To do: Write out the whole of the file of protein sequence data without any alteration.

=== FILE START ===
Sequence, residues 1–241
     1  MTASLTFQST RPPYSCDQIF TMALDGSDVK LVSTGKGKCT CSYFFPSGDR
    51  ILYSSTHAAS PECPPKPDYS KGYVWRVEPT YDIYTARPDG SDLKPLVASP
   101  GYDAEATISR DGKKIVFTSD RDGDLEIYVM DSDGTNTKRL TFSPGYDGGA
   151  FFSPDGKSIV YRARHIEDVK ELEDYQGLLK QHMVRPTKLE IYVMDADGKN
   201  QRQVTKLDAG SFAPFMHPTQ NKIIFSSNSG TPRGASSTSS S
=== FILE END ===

Sequence, residues 1–241
     1  MTASLTFQST RPPYSCDQIF TMALDGSDVK LVSTGKGKCT CSYFFPSGDR
    51  ILYSSTHAAS PECPPKPDYS KGYVWRVEPT YDIYTARPDG SDLKPLVASP
   101  GYDAEATISR DGKKIVFTSD RDGDLEIYVM DSDGTNTKRL TFSPGYDGGA
   151  FFSPDGKSIV YRARHIEDVK ELEDYQGLLK QHMVRPTKLE IYVMDADGKN
   201  QRQVTKLDAG SFAPFMHPTQ NKIIFSSNSG TPRGASSTSS S